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aediles Aeneid ancient Arpinum atrium Atticus Augustus Baiae baths Caelius Caesar called Campus Martius Capitol Cato Catullus century B.C. chapter character Cicero's day Circus Circus Maximus citizen consul consulship crowded deity described dinner doubt duty early Empire example fact famous farm feeling foil Formiae Forum Gaius Gracchus give gods Greek guests Horace human idea interesting Italian Italy ius divinum Jupiter kind labour last age later letter literary literature living Livy Lucretius Ludi Romani Marq Marquardt Maximus meal mind moral natural never Panaetius passage perhaps period philosophical plays Pliny Plutarch poet political Polybius Pompeii population Privatleben probably province publicani Punic quoted religion Republic rhetoric Roman Festivals Rome says Scipio seems senate Seneca shows slaves social Stoic temple theatre tion Valerius Maximus Varro villa Virgil whole word writing
Page 155 - Odi et amo. Quare id faciam, fortasse requiris. Nescio, sed fieri sentio et excrucior.
Page 246 - Toto itidem pariterque die, populusque patresque lactare indu foro se omnes, decedere nusquam, Uni se atque eidem studio omnes dedere et arti, Verba dare ut caute possint, pugnare dolose, Blanditia certare, bonum simulare vimm se Insidias facere, ut si hostes sint omnibus omnes1.
Page 350 - ... donee ad haec tempora quibus nee vitia nostra nee remedia pati possumus perventum est.
Page 187 - Discunt in partes centum diducere. Dicat Filius Albini : si de quincunce remota est Uncia, quid superat ? Poteras dixisse.
Page 201 - I have begun practising declamation in Greek with Cassius ; in Latin I like having my practice with Bruttius. My intimate friends and daily company are those whom Cratippus brought with him from Mitylene — good scholars, of whom he has the highest opinion. I also see a great deal of Epicrates, the leading man at Athens, and Leonides, and other men of that sort.
Page 179 - He farther acquaints us, that he wrote histories for him with his own hand, in large characters, that without stirring out of his father's house, he might gain a knowledge of the great actions of the ancient Romans and of the customs of his country.
Page 351 - Seek not the better age in a fabled island of the west. It is here and now with us. The child already born in Italy will inaugurate it and live in it. The period upon which Italy is now entering more than fulfils in real life the dream of a Golden Age perpetuated in a distant or fabulous island. The marvels which are told of that island are being realised now in Italy under the new order...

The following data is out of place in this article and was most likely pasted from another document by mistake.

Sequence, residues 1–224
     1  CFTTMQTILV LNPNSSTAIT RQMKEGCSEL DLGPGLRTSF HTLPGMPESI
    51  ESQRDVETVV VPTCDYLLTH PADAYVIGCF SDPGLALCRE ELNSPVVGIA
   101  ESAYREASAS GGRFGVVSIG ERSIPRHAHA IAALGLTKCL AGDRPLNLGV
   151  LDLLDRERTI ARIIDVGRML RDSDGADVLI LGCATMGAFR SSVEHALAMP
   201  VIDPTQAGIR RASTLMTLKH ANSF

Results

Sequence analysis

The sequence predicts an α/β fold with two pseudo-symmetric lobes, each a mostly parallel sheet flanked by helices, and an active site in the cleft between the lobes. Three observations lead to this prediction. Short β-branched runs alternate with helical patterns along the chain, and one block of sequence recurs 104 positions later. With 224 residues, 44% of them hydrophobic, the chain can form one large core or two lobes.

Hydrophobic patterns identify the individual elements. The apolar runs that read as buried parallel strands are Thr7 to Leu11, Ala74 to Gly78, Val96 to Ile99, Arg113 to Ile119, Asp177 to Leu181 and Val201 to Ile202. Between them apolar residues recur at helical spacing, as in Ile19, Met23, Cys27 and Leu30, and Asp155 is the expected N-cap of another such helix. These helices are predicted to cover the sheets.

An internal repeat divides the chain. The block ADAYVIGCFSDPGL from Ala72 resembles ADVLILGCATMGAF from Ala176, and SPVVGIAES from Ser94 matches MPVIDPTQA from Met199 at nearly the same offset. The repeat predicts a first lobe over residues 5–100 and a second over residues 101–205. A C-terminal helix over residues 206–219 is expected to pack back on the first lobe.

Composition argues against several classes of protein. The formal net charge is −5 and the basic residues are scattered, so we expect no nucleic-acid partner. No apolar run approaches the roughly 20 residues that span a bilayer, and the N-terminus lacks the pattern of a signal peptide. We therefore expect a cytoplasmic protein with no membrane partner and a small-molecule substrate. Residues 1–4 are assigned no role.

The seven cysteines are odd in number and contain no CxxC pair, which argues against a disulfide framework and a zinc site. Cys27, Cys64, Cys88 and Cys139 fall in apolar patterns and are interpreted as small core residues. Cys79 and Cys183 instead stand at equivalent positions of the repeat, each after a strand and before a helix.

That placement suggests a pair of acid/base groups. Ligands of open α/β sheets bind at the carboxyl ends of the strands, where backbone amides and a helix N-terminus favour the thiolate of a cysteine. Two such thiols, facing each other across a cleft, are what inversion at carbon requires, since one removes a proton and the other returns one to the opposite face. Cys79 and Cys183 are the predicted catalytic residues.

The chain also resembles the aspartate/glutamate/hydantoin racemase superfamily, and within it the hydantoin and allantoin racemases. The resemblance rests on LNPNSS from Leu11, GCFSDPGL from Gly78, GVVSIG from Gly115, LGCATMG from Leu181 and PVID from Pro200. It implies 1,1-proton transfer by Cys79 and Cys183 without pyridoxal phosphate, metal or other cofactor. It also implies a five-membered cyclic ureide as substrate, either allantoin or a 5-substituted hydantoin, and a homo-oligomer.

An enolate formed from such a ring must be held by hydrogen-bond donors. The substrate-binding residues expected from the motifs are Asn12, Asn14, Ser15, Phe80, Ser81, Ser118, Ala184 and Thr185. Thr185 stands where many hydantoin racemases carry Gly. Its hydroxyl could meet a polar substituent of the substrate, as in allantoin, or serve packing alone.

Page 44 - All gains made by hired laborers are dishonorable and base, for what we buy of them is their labor not their artistic skill; with them the very gain itself does but increase the slavishness of the work. All retail dealing too may be put in the same category, for the dealer will gain nothing except by profuse lying and nothing is more disgraceful than untruthful huckstering.
Page 144 - She lived in the atrium, and was not shut away in a woman's chamber; she nursed her own children and brought them up; she had entire control of the female slaves who were her maids; she took her meals with her husband, but sitting, not reclining, and abstaining from wine; in all practical matters she was consulted, and only on questions political or intellectual was she expected to be silent. When she went out arrayed in the graceful stola matronalis, she was treated with respect, and the passers-by...
Page 136 - Farreus, was partaken of by bride and bridegroom, in the presence of the Pontifex Maximus, the Flamen Dialis, and ten other witnesses. At such a ceremony the auspices had of course been taken, and apparently a victim was also slain, and offered probably to Ceres, the skin of which was stretched over two seats (settae), on which the bride and bridegroom had to sit.